Although the various polls show Obama creaming Romney in November, it is now only early April and a very long time to November. Lots can happen and most of the country doesn’t start paying attention to this until October, and lots of people will make up their minds in the last few days before the election. Just look at how South Carolina shifted in the primary in the last few days before the vote; a week or two before the vote, Romney was supposedly 20 points ahead and wound up losing. I sat next to an FT reporter just back from Tennessee who was told by people there that they ain’t voting for a Mormon, and it is not helping Romney to have to keep making speeches how he is a real conservative that don’t convince Republicans and only convince Independents not to vote for him.

Ah, so now comes the first news of high level defections from the Syrian government. So the middle of the end is coming now. And the Guardian reports that a senior Hamas leader says that Hamas will not fight Israel on behalf of Iran. Given that this month they also came out publicly against Assad in Syria, it is clear that they are changing sides because nobody in the Arab world likes to back a loser. I understand that Israel offered an evacuation corridor through its country for the wounded or those trying to escape but that the Red Cross refused to work with them. I think the consensus among analysts is that unless there is some kind of military intervention from outside, covert or overt, Assad will remain in power. That might be about to happen; everybody including Turkey is pulling civilians outta there and now the Turks say they are closing their embassy in Syria. So far the Turks have been all talk and no walk, but if they want to see change in Syria, they will have to be a part of it, but they will have increased influence afterward.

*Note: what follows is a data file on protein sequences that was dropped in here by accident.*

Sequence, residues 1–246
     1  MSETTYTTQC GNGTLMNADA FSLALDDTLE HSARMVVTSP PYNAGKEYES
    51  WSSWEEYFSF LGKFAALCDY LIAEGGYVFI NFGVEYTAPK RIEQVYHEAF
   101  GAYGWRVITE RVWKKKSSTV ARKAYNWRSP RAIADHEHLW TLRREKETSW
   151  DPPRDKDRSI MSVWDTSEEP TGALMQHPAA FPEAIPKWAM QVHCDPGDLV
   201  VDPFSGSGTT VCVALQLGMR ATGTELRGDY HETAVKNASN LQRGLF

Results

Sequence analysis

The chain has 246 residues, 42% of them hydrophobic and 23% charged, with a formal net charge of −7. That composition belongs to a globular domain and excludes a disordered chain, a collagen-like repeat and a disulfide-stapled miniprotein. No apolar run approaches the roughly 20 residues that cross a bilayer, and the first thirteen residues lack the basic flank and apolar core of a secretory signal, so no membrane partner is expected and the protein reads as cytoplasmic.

Interesting issue in the Arab world — as the Moslem Brotherhood becomes a more pan-arab force, Saudi Arabia doesn’t care for the MB and is actually funding extremist Salafist parties in these countries to counter it. They don’t like the MB’s idea that Islamic countries will be run by Islamic parties in government as opposed to the monarchies that had existed in those countries. They want the clergy to be powerful in the state but separate from the levers of governmental power because after all they want to keep monarchies in power instead of republics.

2 other interesting factoids — Saudi Arabia is now the world’s 6th largest oil CONSUMER. And the Museum of Islamic Art in Qatar is considered one of the top 6 art museums in the world. I look forward to visiting it in January 2013 on a visit to Gulf countries.

Here is an answer to an interesting question. Why doesn’t Israel get upset over the fact that Pakistan has the bomb? Because Israel has good back-door relations with Pakistan as well as some understandings with that country.